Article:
People with intellectual disabilities everywhere often find it very hard to find a job. Most of them do not work, and those who do often do not get a fair salary. The My Talents for Diversity (MTFD) project tackles this issue. The project is led by Inclusion Europe, Plena Inclusión (Spain), EVPIT (Estonia) and Antwerp Management School (Belgium) who have produced videos to promote diversity management amongst private and public employers.
Follow Thibeau on his working day at Antwerp Management School
Thibeau is a Junior Researcher at Antwerp Management School (Belgium). He works as an inclusive researcher for the MTFD project. His job entails interviewing people in companies that employ people with intellectual disabilities. Thibeau can count on the help of two colleagues that support him with practical matters.
“Thibeau looks at inclusive work in another way than we do. The project gets better and richer, thanks to the involvement of Thibeau.” Bart Cambré (Vice-Dean Antwerp Management School)
Customised employment for Manuela
Fixed job descriptions exclude talented people from the job market. The design of job positions should be focusing on solving problems for the company, instead of fixed-job descriptions. Manuela Cambreiro has been working in a market in Tenerife for many years. Ana Peña, Job Coach, and Hugo Pérez, Supermarket Manager, created a customised job for Manuela according to her skills, the things that she enjoyed and the needs on site.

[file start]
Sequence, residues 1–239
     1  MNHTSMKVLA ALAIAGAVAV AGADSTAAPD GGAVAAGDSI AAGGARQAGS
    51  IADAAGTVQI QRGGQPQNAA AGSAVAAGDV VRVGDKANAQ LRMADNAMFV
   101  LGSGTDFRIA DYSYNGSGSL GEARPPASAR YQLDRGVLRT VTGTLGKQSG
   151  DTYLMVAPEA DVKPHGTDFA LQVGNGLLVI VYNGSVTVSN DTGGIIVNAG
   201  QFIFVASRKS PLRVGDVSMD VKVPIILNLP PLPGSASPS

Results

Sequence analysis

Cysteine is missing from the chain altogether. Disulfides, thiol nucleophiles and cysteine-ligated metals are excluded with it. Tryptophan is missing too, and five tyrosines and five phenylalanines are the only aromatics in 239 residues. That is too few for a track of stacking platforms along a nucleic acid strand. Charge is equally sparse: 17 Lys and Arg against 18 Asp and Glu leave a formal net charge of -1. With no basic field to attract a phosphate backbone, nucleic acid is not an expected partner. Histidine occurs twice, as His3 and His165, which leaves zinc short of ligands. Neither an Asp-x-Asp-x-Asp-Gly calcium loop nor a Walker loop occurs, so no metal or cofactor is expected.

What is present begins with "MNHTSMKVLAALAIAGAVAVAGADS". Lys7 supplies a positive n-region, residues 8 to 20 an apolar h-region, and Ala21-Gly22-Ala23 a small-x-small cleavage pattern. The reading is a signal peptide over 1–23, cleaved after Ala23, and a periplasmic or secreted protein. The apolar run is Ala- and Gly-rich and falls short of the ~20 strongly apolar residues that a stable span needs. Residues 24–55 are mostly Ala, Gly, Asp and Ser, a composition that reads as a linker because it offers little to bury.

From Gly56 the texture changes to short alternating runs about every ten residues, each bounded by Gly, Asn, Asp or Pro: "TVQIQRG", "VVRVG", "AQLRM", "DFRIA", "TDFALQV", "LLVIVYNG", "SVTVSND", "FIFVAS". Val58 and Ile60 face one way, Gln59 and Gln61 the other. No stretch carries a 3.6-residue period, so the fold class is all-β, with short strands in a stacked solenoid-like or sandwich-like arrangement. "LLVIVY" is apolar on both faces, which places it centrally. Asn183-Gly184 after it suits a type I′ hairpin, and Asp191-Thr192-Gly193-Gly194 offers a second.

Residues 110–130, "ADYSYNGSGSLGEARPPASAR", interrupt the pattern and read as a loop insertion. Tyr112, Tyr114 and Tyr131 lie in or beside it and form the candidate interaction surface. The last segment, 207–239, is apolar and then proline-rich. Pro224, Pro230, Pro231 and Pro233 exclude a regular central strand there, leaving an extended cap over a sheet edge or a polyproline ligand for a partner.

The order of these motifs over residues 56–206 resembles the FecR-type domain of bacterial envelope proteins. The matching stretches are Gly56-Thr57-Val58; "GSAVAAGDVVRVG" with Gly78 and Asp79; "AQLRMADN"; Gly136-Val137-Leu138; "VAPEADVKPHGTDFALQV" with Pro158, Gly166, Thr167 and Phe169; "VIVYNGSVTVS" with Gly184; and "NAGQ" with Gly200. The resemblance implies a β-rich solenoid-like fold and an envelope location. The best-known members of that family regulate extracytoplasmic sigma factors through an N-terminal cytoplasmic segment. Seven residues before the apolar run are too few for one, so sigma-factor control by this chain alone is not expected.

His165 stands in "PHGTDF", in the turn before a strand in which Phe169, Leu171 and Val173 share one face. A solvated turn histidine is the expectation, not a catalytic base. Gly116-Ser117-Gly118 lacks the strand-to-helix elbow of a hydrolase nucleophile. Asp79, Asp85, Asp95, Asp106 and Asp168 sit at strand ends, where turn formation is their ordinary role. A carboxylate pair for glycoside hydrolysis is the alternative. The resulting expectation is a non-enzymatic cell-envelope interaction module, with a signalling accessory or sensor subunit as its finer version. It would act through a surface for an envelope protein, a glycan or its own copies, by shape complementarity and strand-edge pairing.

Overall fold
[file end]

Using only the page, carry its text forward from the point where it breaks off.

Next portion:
“For a long time, since I was a child, I wanted to work. I need to work to live by myself, to earn money, and to be independent.” Manuela Cambreiro
Reasonable accommodations at OACEX
OACEX is Extremadura’s first Cognitive Accessibility Office (Spain). It is committed to the full inclusion of all employees and believes that, with reasonable accommodations, people with intellectual disabilities can work with the same autonomy as any other employee.
“I am very happy. I feel like just another team member, and I can see that my work is important for people with disabilities and society.” Aroa Rico (employee at OACEX)
How having a job coach helped Laura to achieve her dream?
People with intellectual disabilities might need support when they start a new job, but this support can be provided by the organisations supporting them. Job coaches who work for these organisations are trained to provide the necessary support.
Laura Pereira Barahona has been working as an administrative assistant for nearly 5 years. Her job coach accompanied her from the start to help her understand the job, the tasks, and the culture of the company.
“My dream was to be a clerk and thanks to my work, I am achieving this.” Laura Pereira Barahona
Follow Toomas during his specialised training
Toomas Niitepõld is employee at Rimi supermarket chain in Estonia. Before starting his job, he received a training of job environment and security. His working tasks and duties were taught on site by elder colleagues.
“Toomas has adapted very well, he is very proper, hard working. We are very happy to have him.” Marika Kabal (Store Manager)
How are families important in supporting people with intellectual disability to work?
The process of entering the job market is supported by the family, providing follow-up support regarding the hopes and abilities of the person’s employment future. Families are important in the whole way of life of people with disability. So, when it comes to employment, once again, families must be there for them.
“Our son was at an occupational activity centre and there was no guaranteed future livelihood for him. Now our son is in an ordinary job with an employment contract with social security, with a future pension. He has a life plan ahead of him. We can now envisage an independent future livelihood for Pablo.” Blanca Aranguren (Pablo’s mother)
More information about the MTFD project here.